|System: PC, PS3*, Xbox 360,PS4*, Xbox One|
|Release: October 29, 2013|
|Players: 1 (2+ Online)|
|Screen Resolution: 480p-1080p||Blood & Gore, Language, Violence|
by Joshua Bruce
Bullets are snapping by my head; I better get behind some cover. There’s an incoming enemy helicopter to my west, and snipers in the building to my east. I’m a sitting duck out here in the open. It’s time to find a defensible position. Tanks have blown the building closest to me all to hell. I better make a run for the intact bunker down the hill. I’m surrounded, outnumbered, and outgunned, and I’ve been hit. I’m gonna take as many of these sons of bitches with me as I can. It’s a good day to die…
This is the life of a Battlefield player. In previous Battlefield games, the unpredictability of an online match is a direct result of the amount of freedom given to the players. The environment is destructible. You can drive land vehicles, fly aerial vehicles, or simply run around on foot–these variables make every game different and allow for some of the most memorable moments you are likely to experience anywhere in gaming. Battlefield 4 not only accomplishes this; it absolutely excels at it, delivering moments you will be bragging about to your buddies for years.
There’s no denying that the core of the Battlefield experience is its robust multiplayer component. Overall, the changes in the multiplayer are minute, but the tweaks that have been made, along with some well-placed additions, drive an online experience that feels fresh without losing what’s made the franchise great.
The big “game changer” this time around is something called Levolution. With Levolution, players are given the opportunity to literally change the battlefield by triggering an event on the map. The most well known of these events is the falling skyscraper in “Siege of Shanghai,” but every map has a significant Levolution that will change the way the game is played. You can collapse a satellite dish in “Rogue Transmission” or run a battleship aground in “Paracel Storm.” These changes open up new avenues of approach, close old ones, and can change the placement of a point of interest. Of course, these are just major set pieces that can either be triggered or not, but it’s player controlled and can happen at any time, which adds to the already unpredictable nature of Battlefield 4. Add to that the ability to reduce almost any freestanding structure to a frame and a pile of rubble, and you have the most diverse battlefield ever conceived in gaming.
Other new additions include the ability to lean and peek around corners (finally!) and the expansion of sea warfare with new patrol boats and jet skis. These additions only build on the already solid foundation that has been built in previous games, adding to the overall experience and freedom of taking the battlefield.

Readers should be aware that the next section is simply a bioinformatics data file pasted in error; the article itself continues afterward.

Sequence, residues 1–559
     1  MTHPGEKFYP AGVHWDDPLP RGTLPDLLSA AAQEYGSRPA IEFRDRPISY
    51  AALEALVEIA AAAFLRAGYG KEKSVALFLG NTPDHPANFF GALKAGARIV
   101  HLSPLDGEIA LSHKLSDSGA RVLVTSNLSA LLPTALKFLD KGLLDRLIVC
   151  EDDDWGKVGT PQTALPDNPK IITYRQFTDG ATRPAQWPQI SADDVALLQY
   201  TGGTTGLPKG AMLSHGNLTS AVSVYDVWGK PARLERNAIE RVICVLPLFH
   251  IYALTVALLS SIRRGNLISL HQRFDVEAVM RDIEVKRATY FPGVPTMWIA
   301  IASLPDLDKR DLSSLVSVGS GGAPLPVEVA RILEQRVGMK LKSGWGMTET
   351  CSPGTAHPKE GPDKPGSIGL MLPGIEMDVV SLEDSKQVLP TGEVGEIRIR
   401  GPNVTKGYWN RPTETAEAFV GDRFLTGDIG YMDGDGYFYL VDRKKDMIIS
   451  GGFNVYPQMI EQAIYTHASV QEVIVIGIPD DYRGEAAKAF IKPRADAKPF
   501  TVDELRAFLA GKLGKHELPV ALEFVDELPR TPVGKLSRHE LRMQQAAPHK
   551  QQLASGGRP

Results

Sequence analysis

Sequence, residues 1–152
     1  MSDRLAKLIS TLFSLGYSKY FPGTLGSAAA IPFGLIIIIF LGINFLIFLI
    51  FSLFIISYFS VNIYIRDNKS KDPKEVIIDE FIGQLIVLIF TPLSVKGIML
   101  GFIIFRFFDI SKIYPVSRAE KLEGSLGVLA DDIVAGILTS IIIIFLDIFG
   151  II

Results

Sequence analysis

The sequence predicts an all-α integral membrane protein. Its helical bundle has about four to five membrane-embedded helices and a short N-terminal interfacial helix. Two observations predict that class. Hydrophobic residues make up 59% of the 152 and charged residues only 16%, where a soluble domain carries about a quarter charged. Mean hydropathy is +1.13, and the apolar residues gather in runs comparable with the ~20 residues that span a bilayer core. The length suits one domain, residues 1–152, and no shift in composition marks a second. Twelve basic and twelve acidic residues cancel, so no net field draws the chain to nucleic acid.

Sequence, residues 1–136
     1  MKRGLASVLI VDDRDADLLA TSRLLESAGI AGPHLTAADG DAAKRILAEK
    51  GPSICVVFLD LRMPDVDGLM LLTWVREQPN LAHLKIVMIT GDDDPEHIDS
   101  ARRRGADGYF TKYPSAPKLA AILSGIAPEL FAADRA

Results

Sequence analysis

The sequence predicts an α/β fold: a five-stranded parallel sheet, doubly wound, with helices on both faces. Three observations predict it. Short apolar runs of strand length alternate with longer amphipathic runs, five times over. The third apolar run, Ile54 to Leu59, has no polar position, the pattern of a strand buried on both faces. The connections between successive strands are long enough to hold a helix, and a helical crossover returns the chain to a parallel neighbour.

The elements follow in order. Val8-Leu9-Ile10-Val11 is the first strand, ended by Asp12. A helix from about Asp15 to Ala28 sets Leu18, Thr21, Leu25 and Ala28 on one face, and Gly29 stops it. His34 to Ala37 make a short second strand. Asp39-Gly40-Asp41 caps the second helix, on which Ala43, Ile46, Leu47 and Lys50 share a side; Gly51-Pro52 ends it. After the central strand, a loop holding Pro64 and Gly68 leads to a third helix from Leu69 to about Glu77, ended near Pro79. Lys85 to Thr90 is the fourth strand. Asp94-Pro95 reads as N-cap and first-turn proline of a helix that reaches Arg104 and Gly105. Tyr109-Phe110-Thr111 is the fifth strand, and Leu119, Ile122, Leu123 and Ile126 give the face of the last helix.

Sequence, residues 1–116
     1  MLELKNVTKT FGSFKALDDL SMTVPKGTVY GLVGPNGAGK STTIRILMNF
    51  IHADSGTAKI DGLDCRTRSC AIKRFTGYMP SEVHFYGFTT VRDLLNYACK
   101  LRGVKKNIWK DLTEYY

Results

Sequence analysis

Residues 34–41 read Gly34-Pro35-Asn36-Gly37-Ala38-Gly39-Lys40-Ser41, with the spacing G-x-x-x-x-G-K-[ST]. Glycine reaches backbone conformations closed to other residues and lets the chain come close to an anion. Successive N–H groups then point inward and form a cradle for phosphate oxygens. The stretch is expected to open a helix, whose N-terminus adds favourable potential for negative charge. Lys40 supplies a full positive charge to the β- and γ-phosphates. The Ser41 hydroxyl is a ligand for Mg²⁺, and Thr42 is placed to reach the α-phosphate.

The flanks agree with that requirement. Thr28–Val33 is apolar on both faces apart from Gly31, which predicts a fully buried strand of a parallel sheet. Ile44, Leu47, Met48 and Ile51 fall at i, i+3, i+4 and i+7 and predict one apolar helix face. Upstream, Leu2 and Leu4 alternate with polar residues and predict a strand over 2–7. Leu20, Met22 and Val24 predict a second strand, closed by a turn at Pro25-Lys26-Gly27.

Commander mode is something hardcore fans of the series will remember from Battlefield 2, and makes its triumphant return in Battlefield 4. This time, however, it has taken on a new form. Not only can you access this mode from in-game, but you can also use your iPad or Android tablet to control the action as the commander. This is by no means a required facet of gameplay, but the option is there for those of us who just can’t get enough of Battlefield.
Also, in an effort to promote team play, DICE has brought the Field Upgrade mechanic out of retirement from Battlefield 2142. This basically replaces the squad-perk system that is used in Battlefield 3, which is just a static attribute that your squad gains for having it selected. Field Upgrades give squads who work together and complete tasks an undeniable edge on the battlefield–such as extra grenades or the ability to sprint faster, among other perks. The standard 4-player squads from Battlefield 3 have been bumped up to 5 players now, so you can be a more effective fire team and achieve field upgrades.
As I said before, the core of the Battlefield experience lies in the multiplayer. Even though the single-player FPS is what spawned the multiplayer shooter phenomenon, it seems that it’s often left behind as an afterthought. The single-player campaign of Battlefield 4 feels like it’s caught somewhere in the middle. Not to say that the campaign isn’t worth playing, because it definitely is (there are moments during the single-player that will wow you), but the 5-7 hour length was just a little short for my taste.